Back to 'the small house' for some audio-visual entertainment, firstly in the form of an extremely shaky, blinky video of various ratty COFA students being quirky, followed by a superbly edited DVD of Sarah's wedding. In the COFA video, Sarah (despite now only having one, natural hair colour and a belly full of human) looked almost exactly the same as she does now. Fiona commented that I hadn't changed a bit since then either, which was a bit disturbing - I think I look younger now, compared to the tired, stressed, frizzy-haired, leather-wearing tryhard on the screen. Nice arse, though.

Sarah's wedding DVD was lovely, and had been snappily edited with the non-attendee viewer in mind. The ceremony had been held on their property, under some trees, presided over by a Catholic priest with a strong Chinese accent and some freezing bridesmaids. I found myself actually getting a bit misty whilst watching footage of Sarah (apparently quite, quite drunk) waltzing with her father late in the night. The highlight though, without a skerrick of doubt, was found in the 'out-takes' during Sarah's dad's speech. He began thanking everyone, starting with Sarah's mum, and proudly told everyone she'd been "working like a nigger for weeks" to get the wedding up. The camera caught the bridal party's reaction behind him - a mixture of shock, horror, amusement, and disbelief, soundtracked by the crowd's nervous giggle. Brilliant. Play it again.

Lunchtime, and Sarah for some reason thought it was necessary to apologise for a huge pile of sandwiches, lasagna and cashews. Pah. I would've been happy to have been handed a jar of Vegemite and a straw. As nice as the lunch was, the end of it did mean it was our time to leave Quandialla. We said our goodbyes, booking a date (and a couple of beds) for next year's local Rodeo. Because like, apparently we hadn't had enough beer already. Sarah and Fiona dutifully waved until we were out of sight. Well, until we'd turned around. Well, they kind of got tired and went inside. Bless.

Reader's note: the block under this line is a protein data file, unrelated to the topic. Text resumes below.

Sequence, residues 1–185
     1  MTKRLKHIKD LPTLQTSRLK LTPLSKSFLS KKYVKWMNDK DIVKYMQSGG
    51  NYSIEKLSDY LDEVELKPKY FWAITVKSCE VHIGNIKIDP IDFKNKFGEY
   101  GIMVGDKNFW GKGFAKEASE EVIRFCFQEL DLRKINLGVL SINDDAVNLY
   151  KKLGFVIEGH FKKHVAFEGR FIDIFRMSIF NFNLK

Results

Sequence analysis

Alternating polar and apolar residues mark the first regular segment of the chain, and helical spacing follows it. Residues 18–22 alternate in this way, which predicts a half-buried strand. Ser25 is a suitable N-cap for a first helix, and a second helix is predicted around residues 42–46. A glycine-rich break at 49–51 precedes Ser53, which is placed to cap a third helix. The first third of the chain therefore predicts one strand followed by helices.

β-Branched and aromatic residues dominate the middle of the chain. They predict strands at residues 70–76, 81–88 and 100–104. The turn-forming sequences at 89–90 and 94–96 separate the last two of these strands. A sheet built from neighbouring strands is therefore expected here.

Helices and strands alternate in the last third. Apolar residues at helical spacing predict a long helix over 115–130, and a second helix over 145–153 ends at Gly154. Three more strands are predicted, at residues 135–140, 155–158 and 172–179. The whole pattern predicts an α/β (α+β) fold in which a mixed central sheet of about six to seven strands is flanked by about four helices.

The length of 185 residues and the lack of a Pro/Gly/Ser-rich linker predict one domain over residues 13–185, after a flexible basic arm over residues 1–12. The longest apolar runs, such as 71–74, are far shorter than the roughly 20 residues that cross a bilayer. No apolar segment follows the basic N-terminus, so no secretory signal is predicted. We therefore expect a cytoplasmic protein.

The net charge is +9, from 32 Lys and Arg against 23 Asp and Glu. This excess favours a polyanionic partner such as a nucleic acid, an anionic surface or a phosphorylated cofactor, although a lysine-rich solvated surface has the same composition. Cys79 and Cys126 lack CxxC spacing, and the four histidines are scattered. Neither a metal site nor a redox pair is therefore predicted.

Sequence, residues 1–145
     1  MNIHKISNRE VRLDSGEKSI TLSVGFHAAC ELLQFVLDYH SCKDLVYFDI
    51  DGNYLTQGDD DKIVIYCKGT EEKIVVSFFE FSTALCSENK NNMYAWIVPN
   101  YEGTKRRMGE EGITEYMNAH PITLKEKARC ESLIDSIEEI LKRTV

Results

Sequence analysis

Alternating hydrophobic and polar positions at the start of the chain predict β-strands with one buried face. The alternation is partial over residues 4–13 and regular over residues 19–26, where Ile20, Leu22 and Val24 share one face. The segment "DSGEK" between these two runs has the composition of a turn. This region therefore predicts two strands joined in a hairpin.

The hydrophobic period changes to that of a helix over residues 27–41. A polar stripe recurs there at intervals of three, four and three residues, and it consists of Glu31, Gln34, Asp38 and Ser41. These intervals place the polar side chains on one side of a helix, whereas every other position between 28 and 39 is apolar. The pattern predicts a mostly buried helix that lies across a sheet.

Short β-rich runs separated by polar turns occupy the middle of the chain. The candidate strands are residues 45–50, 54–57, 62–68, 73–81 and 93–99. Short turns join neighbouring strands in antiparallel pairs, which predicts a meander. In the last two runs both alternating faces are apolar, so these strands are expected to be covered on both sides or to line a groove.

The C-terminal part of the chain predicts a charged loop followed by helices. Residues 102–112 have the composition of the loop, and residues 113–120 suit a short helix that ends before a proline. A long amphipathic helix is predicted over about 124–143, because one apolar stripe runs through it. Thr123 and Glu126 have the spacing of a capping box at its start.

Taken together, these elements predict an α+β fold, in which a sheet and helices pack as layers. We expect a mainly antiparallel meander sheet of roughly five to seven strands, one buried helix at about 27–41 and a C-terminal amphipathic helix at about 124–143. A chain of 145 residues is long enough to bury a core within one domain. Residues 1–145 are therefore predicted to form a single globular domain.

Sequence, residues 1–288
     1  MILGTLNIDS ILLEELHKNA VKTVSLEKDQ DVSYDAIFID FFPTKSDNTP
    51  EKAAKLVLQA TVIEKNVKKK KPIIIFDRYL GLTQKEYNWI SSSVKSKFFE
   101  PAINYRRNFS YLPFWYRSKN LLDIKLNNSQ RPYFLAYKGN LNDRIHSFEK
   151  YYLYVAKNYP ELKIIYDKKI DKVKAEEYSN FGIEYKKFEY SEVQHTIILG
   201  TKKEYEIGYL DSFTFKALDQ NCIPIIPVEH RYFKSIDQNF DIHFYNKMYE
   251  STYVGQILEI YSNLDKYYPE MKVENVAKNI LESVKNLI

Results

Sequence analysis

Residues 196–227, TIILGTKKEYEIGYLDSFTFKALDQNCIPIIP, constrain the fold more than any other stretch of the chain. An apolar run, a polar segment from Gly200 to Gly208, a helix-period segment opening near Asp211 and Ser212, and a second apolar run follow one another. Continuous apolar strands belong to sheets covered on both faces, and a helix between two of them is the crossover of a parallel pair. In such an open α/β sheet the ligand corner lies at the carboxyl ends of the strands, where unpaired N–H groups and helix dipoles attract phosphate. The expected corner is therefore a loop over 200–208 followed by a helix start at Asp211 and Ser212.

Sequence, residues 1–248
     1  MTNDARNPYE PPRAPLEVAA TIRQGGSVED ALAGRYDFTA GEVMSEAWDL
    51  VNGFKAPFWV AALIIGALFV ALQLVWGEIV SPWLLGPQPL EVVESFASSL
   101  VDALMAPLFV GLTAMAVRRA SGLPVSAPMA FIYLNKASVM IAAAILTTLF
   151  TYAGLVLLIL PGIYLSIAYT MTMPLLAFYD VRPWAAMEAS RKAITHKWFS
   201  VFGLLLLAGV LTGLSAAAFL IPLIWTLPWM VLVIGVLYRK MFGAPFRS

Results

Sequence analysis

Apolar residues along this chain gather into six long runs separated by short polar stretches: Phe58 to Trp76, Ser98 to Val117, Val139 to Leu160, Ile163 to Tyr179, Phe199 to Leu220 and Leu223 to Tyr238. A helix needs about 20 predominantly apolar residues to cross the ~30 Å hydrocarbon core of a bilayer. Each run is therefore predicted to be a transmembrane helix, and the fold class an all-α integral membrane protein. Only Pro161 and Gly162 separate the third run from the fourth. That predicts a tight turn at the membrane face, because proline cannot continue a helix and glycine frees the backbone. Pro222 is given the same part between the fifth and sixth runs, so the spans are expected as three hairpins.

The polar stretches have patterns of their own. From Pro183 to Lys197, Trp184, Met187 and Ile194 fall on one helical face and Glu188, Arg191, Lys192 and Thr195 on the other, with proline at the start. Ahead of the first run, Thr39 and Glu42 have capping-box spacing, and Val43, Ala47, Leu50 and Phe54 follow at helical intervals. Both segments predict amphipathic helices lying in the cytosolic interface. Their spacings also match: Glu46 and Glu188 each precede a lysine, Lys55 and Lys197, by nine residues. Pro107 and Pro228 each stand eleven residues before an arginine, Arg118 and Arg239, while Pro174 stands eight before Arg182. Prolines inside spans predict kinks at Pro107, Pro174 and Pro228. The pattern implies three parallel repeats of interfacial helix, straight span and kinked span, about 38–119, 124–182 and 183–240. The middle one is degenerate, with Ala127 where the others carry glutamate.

We stopped at Grenfell again on the way east, to buy petrol and squeegee an entire entomological ecosystem off the windscreen. Off we drove again, taking care to read and understand (as best we could - some things are different in the country) each road sign as we saw them. At different times, we were expecting large number 80s ahead, trays carrying big trucks, and various licorice allsorts by the side of the road. Hilarious.